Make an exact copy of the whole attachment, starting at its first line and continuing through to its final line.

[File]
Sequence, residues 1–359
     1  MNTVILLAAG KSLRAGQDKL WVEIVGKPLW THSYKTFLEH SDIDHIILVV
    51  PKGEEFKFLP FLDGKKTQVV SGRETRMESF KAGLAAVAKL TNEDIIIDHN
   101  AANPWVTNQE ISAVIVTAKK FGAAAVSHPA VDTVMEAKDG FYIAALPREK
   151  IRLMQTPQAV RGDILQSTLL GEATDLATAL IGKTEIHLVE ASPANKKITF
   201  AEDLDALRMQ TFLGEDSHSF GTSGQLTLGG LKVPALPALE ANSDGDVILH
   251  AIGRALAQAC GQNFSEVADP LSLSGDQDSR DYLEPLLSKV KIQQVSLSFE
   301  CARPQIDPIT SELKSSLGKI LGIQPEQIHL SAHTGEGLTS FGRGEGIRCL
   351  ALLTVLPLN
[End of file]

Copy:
Sequence, residues 1–359
     1  MNTVILLAAG KSLRAGQDKL WVEIVGKPLW THSYKTFLEH SDIDHIILVV
    51  PKGEEFKFLP FLDGKKTQVV SGRETRMESF KAGLAAVAKL TNEDIIIDHN
   101  AANPWVTNQE ISAVIVTAKK FGAAAVSHPA VDTVMEAKDG FYIAALPREK
   151  IRLMQTPQAV RGDILQSTLL GEATDLATAL IGKTEIHLVE ASPANKKITF
   201  AEDLDALRMQ TFLGEDSHSF GTSGQLTLGG LKVPALPALE ANSDGDVILH
   251  AIGRALAQAC GQNFSEVADP LSLSGDQDSR DYLEPLLSKV KIQQVSLSFE
   301  CARPQIDPIT SELKSSLGKI LGIQPEQIHL SAHTGEGLTS FGRGEGIRCL
   351  ALLTVLPLN